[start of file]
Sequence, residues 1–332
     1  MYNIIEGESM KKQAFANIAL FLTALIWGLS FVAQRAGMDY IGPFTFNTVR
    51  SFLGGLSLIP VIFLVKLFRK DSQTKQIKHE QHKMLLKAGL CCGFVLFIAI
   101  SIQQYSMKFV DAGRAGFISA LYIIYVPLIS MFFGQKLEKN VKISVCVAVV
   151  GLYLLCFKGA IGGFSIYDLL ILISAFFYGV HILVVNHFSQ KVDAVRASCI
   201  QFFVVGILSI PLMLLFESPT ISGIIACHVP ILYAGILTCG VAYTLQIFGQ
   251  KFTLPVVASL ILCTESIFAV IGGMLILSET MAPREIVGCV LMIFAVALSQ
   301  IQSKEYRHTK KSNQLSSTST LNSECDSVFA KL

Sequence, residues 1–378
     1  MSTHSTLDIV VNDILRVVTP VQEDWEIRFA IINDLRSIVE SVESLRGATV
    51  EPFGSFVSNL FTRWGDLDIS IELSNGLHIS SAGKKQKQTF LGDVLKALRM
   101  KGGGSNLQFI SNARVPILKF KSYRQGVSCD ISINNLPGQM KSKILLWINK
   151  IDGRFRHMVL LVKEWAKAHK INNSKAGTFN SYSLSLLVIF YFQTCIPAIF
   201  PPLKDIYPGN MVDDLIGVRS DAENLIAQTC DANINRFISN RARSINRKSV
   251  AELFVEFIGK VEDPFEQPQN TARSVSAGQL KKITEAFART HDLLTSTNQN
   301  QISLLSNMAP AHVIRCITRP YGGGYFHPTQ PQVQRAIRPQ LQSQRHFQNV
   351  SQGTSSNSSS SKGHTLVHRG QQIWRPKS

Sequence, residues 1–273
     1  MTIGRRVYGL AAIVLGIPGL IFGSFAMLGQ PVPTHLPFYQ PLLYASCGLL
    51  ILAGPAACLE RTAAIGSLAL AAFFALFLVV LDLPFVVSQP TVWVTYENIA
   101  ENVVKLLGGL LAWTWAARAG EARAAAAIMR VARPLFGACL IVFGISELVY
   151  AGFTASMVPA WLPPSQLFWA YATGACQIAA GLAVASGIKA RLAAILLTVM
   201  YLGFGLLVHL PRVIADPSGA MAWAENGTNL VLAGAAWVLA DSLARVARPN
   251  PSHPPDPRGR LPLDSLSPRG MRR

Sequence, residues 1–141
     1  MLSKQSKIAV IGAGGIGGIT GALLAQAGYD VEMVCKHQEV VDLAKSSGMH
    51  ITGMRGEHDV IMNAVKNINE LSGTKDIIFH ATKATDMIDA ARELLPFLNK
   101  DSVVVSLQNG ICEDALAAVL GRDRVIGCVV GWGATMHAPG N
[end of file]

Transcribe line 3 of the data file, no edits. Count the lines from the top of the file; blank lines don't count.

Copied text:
    51  SFLGGLSLIP VIFLVKLFRK DSQTKQIKHE QHKMLLKAGL CCGFVLFIAI